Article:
From a progressive 21st century lens, it’s not “what” a brand is doing that sticks. What matters most is “why” a brand is doing so.
A well-polished brand is a promise to its following. When that promise is supported with strong social consciousness, a brand’s “why” becomes that much more appealing to those who trust their mission.
As brands increasingly become socially aware, it is important to understand the basics of Cause Related Marketing (CRM) and why the strategy is an all around winner for its four key players.
- The Charity
- The Brand
- The Perfect Celebrity
- The Consumer
CRM is a strategy used by organizations to boost revenue exchanges in both for-profit and nonprofit businesses. This philanthropic driven effort is ideal for charitable organizations because it boosts consumer awareness and provides a generous donation from the partnered brand. Many celebrities are interested in partnering with projects driven for the greater good of the world. Not only does it look good for these stars, but it feels good. When having the perfect celebrity signed for these projects, the conviction of the cause has the potential to skyrocket.
In honor of International Women’s Day this year, an A-List class of powerful women including Kerry Washington, Reese Witherspoon, and Gabby Douglas stirred incredible social media buzz for Tory Burch, calling all users to #EmbraceAmbition. Proceeds from Tory Burch sales are to go to her foundation, which is geared to empower future female entrepreneurs.
In 1994, MAC Cosmetics created their own charity, the MAC Aids Fund, where they promptly signed Rupaul as their first celebrity endorser. Over the next 22 years, the Viva Glam campaign has featured artists such as Mary J. Blige, Missy Elliot, Rihanna, and most recently Taraji P. Henson and Jussie Smollett. The company continues to outperform itself annually, as Miley Cyrus brought Viva Glam to its incredible $400 million benchmark in 2015.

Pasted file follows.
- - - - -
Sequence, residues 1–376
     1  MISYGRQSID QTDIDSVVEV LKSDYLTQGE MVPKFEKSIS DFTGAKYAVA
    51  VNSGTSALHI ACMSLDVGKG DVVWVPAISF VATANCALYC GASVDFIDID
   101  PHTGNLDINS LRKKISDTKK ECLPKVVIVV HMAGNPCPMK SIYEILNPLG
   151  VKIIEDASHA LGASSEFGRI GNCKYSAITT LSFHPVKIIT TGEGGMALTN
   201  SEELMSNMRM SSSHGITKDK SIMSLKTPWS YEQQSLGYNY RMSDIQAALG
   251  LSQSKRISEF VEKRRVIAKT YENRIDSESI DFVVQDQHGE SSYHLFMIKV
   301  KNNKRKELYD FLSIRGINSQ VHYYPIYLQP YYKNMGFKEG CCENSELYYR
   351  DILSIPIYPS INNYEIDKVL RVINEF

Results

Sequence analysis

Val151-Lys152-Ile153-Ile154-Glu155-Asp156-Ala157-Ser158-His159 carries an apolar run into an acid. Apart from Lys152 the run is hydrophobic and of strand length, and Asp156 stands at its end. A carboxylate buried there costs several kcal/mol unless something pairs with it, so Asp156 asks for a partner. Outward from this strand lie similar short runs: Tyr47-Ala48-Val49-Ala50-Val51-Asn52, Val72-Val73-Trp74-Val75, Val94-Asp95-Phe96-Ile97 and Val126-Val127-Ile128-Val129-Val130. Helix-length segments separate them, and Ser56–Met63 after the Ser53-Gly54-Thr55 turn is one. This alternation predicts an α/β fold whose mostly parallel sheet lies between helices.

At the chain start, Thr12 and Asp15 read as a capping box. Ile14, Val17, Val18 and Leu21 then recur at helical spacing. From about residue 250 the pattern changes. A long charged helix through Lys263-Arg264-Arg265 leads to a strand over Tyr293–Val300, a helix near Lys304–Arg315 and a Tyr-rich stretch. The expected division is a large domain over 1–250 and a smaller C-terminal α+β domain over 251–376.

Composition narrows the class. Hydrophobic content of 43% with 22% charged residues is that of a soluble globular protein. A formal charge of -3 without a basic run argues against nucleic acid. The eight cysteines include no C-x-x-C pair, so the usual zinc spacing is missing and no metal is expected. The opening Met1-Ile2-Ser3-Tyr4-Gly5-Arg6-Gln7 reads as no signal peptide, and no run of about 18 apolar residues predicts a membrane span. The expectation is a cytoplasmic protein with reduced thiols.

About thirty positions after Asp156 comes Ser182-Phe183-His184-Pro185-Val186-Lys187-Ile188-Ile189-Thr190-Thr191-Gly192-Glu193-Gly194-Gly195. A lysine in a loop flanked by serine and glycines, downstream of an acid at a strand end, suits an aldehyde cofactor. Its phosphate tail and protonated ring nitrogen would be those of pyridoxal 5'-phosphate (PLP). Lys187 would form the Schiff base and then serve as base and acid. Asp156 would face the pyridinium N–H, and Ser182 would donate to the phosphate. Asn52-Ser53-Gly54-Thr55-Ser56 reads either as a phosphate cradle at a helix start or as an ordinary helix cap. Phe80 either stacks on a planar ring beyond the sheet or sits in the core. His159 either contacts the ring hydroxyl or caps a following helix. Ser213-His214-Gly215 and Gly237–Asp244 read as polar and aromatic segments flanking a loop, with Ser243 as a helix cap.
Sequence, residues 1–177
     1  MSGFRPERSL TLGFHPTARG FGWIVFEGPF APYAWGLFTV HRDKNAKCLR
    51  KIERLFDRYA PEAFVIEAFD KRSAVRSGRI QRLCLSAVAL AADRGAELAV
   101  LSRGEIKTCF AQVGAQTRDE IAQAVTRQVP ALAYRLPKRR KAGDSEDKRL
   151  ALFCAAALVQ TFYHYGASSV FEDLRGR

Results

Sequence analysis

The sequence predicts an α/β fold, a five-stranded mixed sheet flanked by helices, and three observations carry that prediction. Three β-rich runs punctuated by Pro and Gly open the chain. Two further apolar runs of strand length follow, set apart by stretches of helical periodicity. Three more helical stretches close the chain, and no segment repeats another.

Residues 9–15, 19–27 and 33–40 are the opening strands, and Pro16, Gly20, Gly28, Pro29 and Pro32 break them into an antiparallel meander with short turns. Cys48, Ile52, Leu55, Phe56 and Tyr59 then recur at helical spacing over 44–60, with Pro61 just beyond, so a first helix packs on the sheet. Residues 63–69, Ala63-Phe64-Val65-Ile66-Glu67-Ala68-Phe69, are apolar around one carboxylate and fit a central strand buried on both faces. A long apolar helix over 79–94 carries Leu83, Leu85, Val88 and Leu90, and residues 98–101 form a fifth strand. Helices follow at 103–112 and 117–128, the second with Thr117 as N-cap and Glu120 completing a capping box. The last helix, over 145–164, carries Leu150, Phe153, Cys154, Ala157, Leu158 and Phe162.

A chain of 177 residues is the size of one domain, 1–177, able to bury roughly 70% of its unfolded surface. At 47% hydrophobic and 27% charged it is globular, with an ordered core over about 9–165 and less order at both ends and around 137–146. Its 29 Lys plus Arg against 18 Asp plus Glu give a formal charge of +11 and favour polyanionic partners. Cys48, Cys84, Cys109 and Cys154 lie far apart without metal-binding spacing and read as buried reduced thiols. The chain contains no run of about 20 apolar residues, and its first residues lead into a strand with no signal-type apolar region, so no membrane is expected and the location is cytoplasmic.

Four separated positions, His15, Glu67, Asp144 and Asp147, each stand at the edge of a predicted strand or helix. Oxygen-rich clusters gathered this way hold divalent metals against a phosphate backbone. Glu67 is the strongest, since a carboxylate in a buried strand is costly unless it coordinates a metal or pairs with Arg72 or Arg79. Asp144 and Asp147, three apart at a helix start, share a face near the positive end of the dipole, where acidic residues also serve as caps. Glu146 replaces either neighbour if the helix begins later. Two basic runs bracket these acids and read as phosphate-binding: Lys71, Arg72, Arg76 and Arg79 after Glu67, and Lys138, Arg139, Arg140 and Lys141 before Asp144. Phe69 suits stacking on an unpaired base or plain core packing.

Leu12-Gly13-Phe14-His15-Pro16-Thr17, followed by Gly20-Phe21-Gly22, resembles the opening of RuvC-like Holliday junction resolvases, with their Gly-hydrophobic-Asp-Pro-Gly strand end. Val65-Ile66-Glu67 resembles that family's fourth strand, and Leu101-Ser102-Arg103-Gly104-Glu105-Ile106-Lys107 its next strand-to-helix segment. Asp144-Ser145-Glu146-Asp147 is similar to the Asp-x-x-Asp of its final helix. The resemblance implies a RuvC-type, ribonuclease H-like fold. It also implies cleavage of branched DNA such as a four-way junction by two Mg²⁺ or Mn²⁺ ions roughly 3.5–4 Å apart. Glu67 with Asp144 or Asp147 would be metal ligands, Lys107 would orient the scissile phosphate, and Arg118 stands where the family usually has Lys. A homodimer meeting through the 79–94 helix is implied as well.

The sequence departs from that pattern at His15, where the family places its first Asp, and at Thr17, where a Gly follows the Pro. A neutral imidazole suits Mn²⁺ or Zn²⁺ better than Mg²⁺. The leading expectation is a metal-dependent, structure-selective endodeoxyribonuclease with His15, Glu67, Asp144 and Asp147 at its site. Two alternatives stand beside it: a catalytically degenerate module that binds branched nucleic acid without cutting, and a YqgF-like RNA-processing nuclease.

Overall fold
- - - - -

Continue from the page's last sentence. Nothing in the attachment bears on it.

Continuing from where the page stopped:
These celebrity driven CRM campaigns get their deserved recognition within the brand world as well. Under Armour’s “I Will What I Want” campaign featured ballerina Misty Copeland, making the brand one of the biggest winners at the 2016 Cannes Lions International Festival of Creativity. Today Under Armour controls 75% market share in athletic wear, and much of that is thanks to the empowerment that the brand instills in its user base.
The beauty of CRM is that it’s overwhelming positivity allows for its reach to span across brand types. This calls consumers of all ages, races, shapes, and sizes to use brands that they typically wouldn’t respond well to.
The push for clean water in developing nations is an issue in particular that multiple brands have taken into consideration. Unicef’s partnership with Selena Gomez and Matt Damon’s partnership with Stella Artois both broke boundaries that have called all users to take action to take part in helping the water crisis. The issue transcends multiple brands, charities, and viewer bases, driving immense amount of funds for one sole cause.
While the celebrity certainly gets the glory, these campaigns are made to empower the consumer. For these individuals, there is a sense of pride knowing that they are doing something for the better good, alongside the celebrity they adamantly trust.
photo credit: SupportPDX via Flickr